A health savings account (HSA) is a tax-advantaged medical savings account available to taxpayers in the United States who are enrolled in a high-deductible health plan (HDHP). The funds contributed to an account are not subject to federal income tax at the time of deposit. Unlike a flexible spending account (FSA), HSA funds roll over and accumulate year to year if they are not spent. HSAs are owned by the individual, which differentiates them from company-owned Health Reimbursement Arrangements (HRA) that are an alternate tax-deductible source of funds paired with either high-deductible health plans or standard health plans.

Some health insurance companies offer HSAs for their HDHPs. Check with your company. You can also open an HSA through some banks and other financial institutions. Contact us at info@amsinsure.com for more information:

Example of some qualifying expense for an HSA medical plan;

Medical Expenses: Hearing aids, Obstetrical expenses, Sleep deprivation treatment, Acupuncture, Psychiatric care, Eye exams, eyeglasses, equipment and materials, telemedicine

Vision Care: Reading and safety glasses, Contact lenses, materials and equipment, Vision correction procedures; laser eye surgery including Lasik, Braille books and magazines

Dental Care: Artificial teeth, Dentures and denture adhesives, Guards to prevent teeth grinding, Orthodontia

Other: Prescription medications, Co-insurance amounts, co-payments and deductibles, Shipping and handling fees for medical products, Taxes on medical services and products, Medical records charges

Check with your plan for all covered and non-covered expenses.

Health Saving Accounts and Obama Care for 2021

We cover everything you need to know about  or 2021, including how HSAs work with health plans under the Affordable Care Act.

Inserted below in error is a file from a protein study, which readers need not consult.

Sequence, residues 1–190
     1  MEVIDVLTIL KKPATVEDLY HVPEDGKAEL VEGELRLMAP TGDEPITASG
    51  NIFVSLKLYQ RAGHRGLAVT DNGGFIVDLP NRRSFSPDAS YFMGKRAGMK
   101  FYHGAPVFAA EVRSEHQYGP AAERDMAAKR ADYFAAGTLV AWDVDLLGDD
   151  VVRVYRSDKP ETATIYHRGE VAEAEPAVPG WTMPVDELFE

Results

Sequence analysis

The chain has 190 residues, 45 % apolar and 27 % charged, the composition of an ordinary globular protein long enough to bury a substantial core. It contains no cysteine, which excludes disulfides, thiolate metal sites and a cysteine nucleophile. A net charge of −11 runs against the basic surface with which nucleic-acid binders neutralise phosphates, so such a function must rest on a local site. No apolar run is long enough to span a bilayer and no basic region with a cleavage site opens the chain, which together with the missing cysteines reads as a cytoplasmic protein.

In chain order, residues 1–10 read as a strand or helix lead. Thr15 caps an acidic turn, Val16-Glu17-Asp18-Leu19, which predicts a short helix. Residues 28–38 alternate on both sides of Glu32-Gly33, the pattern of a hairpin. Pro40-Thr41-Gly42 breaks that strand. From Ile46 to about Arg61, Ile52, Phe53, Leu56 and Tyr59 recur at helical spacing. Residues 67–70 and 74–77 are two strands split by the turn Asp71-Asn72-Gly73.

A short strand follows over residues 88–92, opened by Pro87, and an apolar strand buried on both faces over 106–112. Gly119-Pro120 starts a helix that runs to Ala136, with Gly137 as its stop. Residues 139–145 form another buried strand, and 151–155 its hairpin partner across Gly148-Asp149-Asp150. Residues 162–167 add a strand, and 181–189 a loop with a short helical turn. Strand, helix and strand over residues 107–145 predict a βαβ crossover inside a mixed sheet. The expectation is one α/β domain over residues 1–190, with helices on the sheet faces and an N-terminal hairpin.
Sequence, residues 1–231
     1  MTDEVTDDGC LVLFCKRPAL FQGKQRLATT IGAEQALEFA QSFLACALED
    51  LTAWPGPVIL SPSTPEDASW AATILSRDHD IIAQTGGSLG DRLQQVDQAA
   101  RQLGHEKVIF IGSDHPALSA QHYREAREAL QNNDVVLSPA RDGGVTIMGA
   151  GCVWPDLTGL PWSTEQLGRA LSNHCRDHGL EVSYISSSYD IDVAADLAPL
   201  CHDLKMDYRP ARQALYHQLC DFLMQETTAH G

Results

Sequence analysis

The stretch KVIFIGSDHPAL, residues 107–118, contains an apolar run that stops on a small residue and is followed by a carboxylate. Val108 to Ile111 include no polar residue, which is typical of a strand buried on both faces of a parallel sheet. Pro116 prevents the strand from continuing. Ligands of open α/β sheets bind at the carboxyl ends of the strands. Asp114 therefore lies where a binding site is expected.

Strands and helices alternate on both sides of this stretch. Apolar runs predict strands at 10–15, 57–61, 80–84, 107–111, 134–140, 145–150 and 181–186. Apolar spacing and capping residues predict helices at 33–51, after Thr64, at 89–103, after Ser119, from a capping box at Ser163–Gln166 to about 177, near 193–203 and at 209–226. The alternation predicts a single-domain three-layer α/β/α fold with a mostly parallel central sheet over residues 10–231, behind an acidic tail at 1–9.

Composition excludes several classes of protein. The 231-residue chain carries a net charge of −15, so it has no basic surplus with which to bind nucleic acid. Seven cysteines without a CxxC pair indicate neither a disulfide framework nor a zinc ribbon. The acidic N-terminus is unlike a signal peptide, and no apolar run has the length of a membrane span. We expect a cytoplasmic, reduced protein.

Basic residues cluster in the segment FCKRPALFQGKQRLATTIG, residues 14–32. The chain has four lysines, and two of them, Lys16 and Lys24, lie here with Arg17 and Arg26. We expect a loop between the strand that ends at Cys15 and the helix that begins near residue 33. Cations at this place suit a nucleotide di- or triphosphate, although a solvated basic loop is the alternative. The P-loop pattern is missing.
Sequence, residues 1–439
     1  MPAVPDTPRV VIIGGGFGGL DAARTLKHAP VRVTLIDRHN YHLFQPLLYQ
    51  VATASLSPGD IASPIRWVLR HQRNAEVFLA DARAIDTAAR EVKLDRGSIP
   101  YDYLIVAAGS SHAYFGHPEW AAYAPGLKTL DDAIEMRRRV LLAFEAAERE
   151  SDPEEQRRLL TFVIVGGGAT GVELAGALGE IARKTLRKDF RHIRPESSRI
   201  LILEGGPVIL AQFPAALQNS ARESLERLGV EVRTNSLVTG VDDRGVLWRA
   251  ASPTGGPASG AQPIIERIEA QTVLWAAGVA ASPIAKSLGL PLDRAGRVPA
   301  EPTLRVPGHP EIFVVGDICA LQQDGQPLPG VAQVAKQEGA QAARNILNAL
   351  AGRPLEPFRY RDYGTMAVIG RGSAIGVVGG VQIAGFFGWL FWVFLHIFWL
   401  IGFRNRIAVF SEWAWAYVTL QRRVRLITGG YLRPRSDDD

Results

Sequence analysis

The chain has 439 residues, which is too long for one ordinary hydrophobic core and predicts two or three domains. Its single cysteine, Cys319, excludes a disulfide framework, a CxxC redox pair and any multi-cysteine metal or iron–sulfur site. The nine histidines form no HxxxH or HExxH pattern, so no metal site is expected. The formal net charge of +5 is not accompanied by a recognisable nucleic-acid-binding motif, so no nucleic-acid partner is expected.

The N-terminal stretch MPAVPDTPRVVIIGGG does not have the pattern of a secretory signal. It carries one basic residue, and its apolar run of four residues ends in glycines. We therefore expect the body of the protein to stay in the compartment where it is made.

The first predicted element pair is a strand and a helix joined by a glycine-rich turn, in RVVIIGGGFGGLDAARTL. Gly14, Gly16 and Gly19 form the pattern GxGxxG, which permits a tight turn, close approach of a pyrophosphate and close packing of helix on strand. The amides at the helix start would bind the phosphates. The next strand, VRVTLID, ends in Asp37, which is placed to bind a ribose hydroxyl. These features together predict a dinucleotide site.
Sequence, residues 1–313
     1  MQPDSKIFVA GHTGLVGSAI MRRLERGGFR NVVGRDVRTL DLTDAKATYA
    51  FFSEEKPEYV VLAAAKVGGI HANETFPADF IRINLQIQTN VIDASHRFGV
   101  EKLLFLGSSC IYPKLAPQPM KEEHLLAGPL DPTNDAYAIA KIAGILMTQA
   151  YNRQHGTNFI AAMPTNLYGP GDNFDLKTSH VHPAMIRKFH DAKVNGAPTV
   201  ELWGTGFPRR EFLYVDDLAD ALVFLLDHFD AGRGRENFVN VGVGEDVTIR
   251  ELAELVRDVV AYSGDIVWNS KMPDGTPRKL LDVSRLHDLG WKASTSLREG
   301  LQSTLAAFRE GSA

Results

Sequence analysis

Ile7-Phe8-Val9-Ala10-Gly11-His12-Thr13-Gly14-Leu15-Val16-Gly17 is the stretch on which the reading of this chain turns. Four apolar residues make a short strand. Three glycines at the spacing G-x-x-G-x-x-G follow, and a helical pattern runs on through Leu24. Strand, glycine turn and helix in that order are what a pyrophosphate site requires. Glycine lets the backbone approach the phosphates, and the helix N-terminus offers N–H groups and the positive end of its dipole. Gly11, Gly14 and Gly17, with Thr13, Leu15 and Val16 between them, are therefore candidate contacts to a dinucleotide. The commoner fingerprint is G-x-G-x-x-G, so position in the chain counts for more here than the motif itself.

TIP: The Affordable Care Act is sometimes called “ObamaCare” or the “ACA” for short. Thus, this page is about HSAs and how they work with Obama Care / ACA plans.HSA Chart for 2021

2021Minimum DeductibleMaximum Out-of-PocketContribution Limit55+ Contribution
FACT: HSA’s aren’t “use it or lose it.” The money that you put in an HSA goes in tax-free. You can keep it, invest it, use it tax-free on medical expenses, withdraw funds from it at a fee, and roll it over into a retirement account when you are ready for Medicare. Only FSA’s, the kind of health savings account you get through your employer, are “use it or lose it.”
NOTE: The IRS sets HSA limits each year, and the limits are then published in the Federal Register. With that noted, I suggest shrm.org for a well-constructed presentation of each year’s HSA rules.

HSA Limits 2021 Summary

Below are the limits for contributions, deductibles, and out-of-pocket maximums for HSAs.

HSA Contribution Limit for 2021

  • Self-only: $3,600
  • Family: $7,200

NOTE: 55 plus can contribute an extra $1,000.

NOTE: The contribution limit, which is the total you can contribute in 2018 if you are under 55. Those 55 or older can contribute an extra $1,000, and this is shown in the fourth column.

Minimum Deductible for HSA Eligibility

  • Self-only: $1,400
  • Family: $2,800

NOTE: The minimum deductible, which is the minimum deductible your High Deductible Health Plan must have after cost assistance.

Maximum Out-of-Pocket Limit for HSA Eligibility

  • Self-only: $7,000
  • Family: $14,000

NOTE: The maximum out-of-pocket is the highest maximum a plan can have to qualify for an HSA.

TIP: The maximums are slightly lower on HSA compatible plans then they are in general on health plans. This has to do with the fact that the rates are raised by different mecha

Get a QUOTE: www.amsinsure.com. The difference allows for non-HSA compatible high deductible plans. Thus, if you want an HSA, make sure your plan is “HSA Eligible.” 

Group Plans

Individual Plans